One of Indiana’s most famous journalists and the namesake of Ernie Pyle Hall, home of Indiana University’s former School of Journalism, Ernest Taylor “Ernie” Pyle was born in 1900 in Dana. He died in 1945 under enemy fire during World War II’s Battle of Okinawa.
Pyle won a Pulitzer Prize in 1944 for his work as a war correspondent. Upon Pyle’s death, President Harry Truman said, “No man in this war has so well told the story of the American fighting man as American fighting men wanted it told.”
Although Pyle never stayed here long, the Indianapolis 500 dominated his dreams: “I would rather win that 500-mile race than anything. To me there could be no greater emotion than to come down that homestretch, roaring at 130 miles an hour … I have dreamed of that thousands of times.”
Neither of his parents progressed academically beyond the eighth grade, but Pyle attended Indiana University, majoring in economics, because no journalism major was available. He served as manager of the football team and an editor of the Indiana Daily Student.
Pyle left school before graduating, becoming a newspaper reporter in Washington, D.C. There, in 1923, he met his future wife, Geraldine, and they were married in 1925. Pyle described their travels around the country in his newspaper columns, and the couple soon moved to New Mexico.
Pyle’s travel column, “Hoosier Vagabond,” was nationally syndicated, and his extensive journeys throughout the Americas laid the groundwork for his war reporting. By 1942, he was embedded with U.S. troops in Europe, and in 1945 traveled to the Pacific theater.
Pyle’s war columns were unusual for the time. He focused less on grand strategies and battle outcomes than on the experiences of the common soldier. While he wrote about generals such as Dwight Eisenhower, the infantry held a special place in his heart “because they were the underdogs.”
The Pyle approach to writing was simple and direct. He described his perspective as a “worm’s-eye view,” and painted a picture of the troops as “young men [whose] grime and whiskers and exhaustion made them look middle-aged.”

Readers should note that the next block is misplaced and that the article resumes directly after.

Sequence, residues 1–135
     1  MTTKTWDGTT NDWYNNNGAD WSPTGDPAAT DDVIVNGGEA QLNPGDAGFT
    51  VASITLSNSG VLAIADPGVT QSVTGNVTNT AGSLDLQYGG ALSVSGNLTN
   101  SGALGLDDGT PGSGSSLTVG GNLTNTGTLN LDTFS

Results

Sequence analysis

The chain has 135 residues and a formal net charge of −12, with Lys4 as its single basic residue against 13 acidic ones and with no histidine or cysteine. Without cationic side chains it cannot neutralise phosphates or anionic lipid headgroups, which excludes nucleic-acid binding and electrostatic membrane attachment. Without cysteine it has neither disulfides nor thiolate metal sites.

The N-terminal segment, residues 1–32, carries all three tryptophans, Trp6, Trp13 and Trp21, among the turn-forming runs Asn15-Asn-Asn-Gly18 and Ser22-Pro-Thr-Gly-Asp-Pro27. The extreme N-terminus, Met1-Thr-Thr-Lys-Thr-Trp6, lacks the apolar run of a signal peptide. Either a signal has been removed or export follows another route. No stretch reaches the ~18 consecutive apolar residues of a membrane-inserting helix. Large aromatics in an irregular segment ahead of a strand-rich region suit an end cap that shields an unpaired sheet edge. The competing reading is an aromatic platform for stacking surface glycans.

Describing the change that took place in young men in combat, Pyle wrote, “The most vivid change was the casual and workshop manner in which they talked about killing. … No longer was there anything morally wrong about killing. In fact, it was an admirable thing.”
Yet Pyle admired the men and especially the fierce devotion that often developed among them: “The companionship of two and a half years of death and misery is a spouse that tolerates no divorce. Such companionship finally becomes part of one’s soul, and it cannot be obliterated.”
Pyle’s advocacy for infantrymen during the war culminated in Congress’ 1944 passage of what came to be known as the “Ernie Pyle bill,” which authorized a 50% increase in the rate of pay for soldiers serving in combat roles.
In April 1945, Pyle was reporting from a small island near Okinawa. His jeep came under fire from a Japanese machine gunner, and one of the bullets struck him in the temple, just below his helmet, killing him instantly. His wife died later that year.
Pyle’s death prompted Eisenhower to write, “The GIs in Europe—and that means all of us—have lost one of our best and most understanding friends.” First lady Eleanor Roosevelt recalled “this frail and modest man who could endure hardships because he loved his job and our men.”
Pyle’s greatest contribution was his unflinching portrait of the American soldier: “They seemed terribly pathetic to me. They weren’t warriors. They were American boys who by mere chance of fate had wound up with guns. … They weren’t born to kill, but they won their battles. That’s the point.”•
Indy Beacons celebrates the history of Indianapolis in the year leading up to its 2021 bicentennial by telling the stories of famous city residents. It appears the second and fourth issues of every month. Gunderman is chancellor’s professor at Indiana University.
One thought on “INDY BEACONS: Ernie Pyle, America’s greatest war correspondent”
Excellent. Ernie Pyle’s memorial and boyhood home with artifacts in little Dana IN, almost to Illinois west on U.S. 36, is not to be missed.